1. By ‘the cultural sector’ the report seems to mean Arts Council England’s National Portfolio Organisations. This isn’t made explicit but it’s pretty evident from context. The report therefore seems to have a very narrow focus, the reasons for which aren’t made clear (not that it would necessarily be a bad thing).
  2. Big data – a wooly term at best – isn’t defined with much/any clarity. In fact, there are plenty of references to data that isn’t ‘big’ in the slightest.
  3. I think there’s some conflation going on between the concepts of big data and data-driven decision making. There’s certainly overlap, but this report dodges back and forth between the two a few times.
  4. The report tends to focus on the analysis of data, whereas discussions of big data beyond the arts sector are just as concerned with the challenges of collection, management, search and storage. There’s not much about these other aspects in the report.
  5. For all the harsh (yet not particularly specific) criticism of arts organisations’ current use of data, there’s little appreciation of why they’re failing (in the authors’ eyes, at least).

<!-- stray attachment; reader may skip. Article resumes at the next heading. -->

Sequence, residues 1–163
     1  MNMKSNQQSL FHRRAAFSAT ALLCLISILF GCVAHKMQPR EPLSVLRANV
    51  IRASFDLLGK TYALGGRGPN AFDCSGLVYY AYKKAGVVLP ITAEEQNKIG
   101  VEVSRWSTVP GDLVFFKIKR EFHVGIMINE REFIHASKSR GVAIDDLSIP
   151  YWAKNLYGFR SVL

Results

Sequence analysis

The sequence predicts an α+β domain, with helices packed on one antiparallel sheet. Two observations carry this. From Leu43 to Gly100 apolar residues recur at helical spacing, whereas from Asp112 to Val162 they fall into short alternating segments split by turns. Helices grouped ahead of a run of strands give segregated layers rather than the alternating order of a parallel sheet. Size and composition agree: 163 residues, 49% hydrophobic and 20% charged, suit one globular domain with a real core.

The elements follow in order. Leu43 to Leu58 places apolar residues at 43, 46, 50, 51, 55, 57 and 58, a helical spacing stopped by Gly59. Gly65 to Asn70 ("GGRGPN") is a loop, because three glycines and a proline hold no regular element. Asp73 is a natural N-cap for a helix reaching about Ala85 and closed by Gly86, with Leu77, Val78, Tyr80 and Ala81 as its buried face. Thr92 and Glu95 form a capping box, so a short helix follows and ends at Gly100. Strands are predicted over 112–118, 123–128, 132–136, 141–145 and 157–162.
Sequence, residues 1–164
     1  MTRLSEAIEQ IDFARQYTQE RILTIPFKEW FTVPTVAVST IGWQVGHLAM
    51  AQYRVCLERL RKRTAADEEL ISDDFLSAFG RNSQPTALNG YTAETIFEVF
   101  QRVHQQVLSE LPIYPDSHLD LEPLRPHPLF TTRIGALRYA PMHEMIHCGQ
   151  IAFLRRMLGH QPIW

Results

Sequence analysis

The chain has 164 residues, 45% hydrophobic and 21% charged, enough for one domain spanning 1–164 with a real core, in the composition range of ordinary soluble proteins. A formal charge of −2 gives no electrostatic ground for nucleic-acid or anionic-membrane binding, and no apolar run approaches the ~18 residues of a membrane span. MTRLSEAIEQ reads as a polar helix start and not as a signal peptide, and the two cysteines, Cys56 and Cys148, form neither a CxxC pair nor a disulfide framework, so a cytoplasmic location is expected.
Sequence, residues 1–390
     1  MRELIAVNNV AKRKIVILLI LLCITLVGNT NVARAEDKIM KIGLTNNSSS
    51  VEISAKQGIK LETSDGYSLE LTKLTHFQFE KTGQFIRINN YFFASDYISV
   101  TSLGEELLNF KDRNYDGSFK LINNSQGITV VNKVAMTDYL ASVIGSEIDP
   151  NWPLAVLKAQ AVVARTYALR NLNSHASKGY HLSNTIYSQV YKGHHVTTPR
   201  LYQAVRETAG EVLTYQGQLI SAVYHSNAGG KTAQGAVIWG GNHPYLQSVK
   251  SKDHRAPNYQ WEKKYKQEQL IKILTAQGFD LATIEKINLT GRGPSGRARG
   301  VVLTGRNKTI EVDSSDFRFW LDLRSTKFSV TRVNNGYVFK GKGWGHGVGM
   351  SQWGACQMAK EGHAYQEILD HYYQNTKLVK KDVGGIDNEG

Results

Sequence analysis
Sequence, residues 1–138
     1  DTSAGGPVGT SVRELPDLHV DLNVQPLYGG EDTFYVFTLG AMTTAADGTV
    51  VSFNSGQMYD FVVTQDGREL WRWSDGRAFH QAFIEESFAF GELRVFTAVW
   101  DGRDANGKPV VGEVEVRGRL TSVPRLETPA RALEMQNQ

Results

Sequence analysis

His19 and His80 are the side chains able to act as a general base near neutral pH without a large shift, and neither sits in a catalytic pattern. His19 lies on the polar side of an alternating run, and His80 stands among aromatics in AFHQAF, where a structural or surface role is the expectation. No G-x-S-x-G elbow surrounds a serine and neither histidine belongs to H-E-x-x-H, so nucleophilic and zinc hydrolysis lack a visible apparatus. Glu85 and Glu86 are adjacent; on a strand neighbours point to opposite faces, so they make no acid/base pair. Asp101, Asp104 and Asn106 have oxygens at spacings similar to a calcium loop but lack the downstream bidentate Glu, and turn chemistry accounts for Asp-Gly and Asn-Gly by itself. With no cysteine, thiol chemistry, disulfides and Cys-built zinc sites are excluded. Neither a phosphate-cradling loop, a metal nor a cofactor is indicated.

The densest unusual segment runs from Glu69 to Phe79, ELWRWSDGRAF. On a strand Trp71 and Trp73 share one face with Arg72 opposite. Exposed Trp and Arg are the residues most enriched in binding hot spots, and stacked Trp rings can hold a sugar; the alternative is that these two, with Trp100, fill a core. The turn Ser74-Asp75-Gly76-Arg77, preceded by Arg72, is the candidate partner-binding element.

6. I’d like to have seen more (some?) evidence of the types and extent of the benefits that may be derived from better approaches to data.
  7. More specifically, I’d have liked to have seen what the commercial sector are doing that’s so great – what obstacles have they overcome (learning that the arts sector can piggy-back on) and what challenges are remaining?
  8. A further point on that – what differentiates the cultural and commercial sectors in terms of data use? What challenges can the cultural sector leave to the commercial sector, allowing cultural sector funding to be used more effectively?